Saturday, 9 June 2012

Centos 6/RHEL Java JDK7 with Eclipse & Ant installation

This tutorial is to install and set up Sun Java JDK 7 and Eclipse on the Centos 6 as described here or Fedora/Red Hat and rpm based distros. I prefer to use Sun Java 7 as the default JDK so I dont see much point in running the openJDK version, I generally remove it if it gets installed. Some programs such as Jenkins and IntelliJIDEA require the Sun version, so you might as well use it exclusively, it is free to use after all.

Additionally, the JDK includes the JRE so again you may as well just use the JDK and configure browser plugins to use its JRE with the 'alternatives' command as you will see below. If you just want Java JDK then you can ignore the section on Eclipse.

If you are using the Android SDK with Eclipse you might want to stick with the 32 bit OS, as 64 bit is a little tricky to get working properly, but its entirely up to you.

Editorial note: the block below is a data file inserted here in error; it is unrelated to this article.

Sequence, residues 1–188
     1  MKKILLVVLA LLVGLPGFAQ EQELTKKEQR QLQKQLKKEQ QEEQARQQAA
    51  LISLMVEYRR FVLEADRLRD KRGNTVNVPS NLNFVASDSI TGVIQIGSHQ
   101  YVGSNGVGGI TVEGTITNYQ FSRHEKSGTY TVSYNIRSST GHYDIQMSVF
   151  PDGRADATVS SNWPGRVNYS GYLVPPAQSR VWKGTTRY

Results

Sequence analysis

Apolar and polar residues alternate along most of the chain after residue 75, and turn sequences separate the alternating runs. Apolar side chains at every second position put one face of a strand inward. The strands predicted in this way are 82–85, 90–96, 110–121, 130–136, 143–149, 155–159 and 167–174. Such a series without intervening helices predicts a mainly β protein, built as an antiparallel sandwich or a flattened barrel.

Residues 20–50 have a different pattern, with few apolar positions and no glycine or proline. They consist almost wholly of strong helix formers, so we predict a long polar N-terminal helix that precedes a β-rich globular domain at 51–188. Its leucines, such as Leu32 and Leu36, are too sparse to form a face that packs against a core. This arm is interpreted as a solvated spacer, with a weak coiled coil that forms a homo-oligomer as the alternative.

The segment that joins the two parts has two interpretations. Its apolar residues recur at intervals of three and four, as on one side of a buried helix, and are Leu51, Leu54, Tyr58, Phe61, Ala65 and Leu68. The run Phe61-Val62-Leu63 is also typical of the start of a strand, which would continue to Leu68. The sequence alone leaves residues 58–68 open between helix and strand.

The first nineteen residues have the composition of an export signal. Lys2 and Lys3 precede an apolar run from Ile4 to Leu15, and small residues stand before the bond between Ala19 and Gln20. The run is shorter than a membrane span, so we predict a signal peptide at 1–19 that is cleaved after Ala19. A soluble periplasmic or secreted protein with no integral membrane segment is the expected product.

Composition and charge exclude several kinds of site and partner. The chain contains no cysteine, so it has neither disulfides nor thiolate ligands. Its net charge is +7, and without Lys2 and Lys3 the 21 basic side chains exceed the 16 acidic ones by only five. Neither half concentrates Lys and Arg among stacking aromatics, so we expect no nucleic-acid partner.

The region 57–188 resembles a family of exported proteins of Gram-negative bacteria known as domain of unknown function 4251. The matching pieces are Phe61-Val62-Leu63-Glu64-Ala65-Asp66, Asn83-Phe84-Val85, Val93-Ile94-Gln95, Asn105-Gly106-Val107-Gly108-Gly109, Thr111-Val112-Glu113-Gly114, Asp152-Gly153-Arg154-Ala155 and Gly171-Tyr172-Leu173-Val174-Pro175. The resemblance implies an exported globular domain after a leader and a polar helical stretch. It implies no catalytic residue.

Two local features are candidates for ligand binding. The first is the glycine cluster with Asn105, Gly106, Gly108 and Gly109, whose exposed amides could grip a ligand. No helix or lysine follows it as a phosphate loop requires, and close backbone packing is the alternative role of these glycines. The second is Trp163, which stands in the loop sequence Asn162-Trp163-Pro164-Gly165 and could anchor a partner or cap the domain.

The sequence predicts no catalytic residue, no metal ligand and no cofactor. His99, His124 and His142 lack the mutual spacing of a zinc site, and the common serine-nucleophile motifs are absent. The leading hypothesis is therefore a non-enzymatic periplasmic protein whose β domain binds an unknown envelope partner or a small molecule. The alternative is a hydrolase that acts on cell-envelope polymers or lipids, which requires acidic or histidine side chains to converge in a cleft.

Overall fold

Setting up JDK 7


Install jpackage-utils if not already installed


$ sudo yum -y install jpackage-utils

You will need Java before installing Eclipse so first download it from http://www.oracle.com  The current version is jdk-7u6.


For 32bit use jdk<file_name>i586.rpm package


$ sudo rpm -Uvh <file_name>.rpm   

  
For 64bit use jdk<file_name>x64.rpm version

$ sudo rpm -Uvh <file_name>.rpm

(Ignore missing file errors)  

 Add the JAVA_HOME path/variable to ~/.bashrc

$ sudo vi ~/.bashrc      


Place as below under 'User specific aliases and functions'

export JAVA_HOME="/usr/java/jdk1.7.0_06"

export JAVA_PATH="$JAVA_HOME"
export PATH="$PATH:$JAVA_HOME"

See Vi Editor for commands


Change the version number to yours, save & source the file

$ source ~/.bashrc
     
Make sure the alternatives is set correctly, if its not

$ sudo rm /var/lib/alternatives/java     


Will purge the old setup.

(On a new installation it may show 'not found')

then set it up again with your new jdk.     


$ sudo alternatives --install /usr/bin/java java /usr/java/jdk1.7.0_06/bin/java 1

$ sudo alternatives --config java     

Hit enter for the default or select a number

This will set your new jdk as the default alternative, to check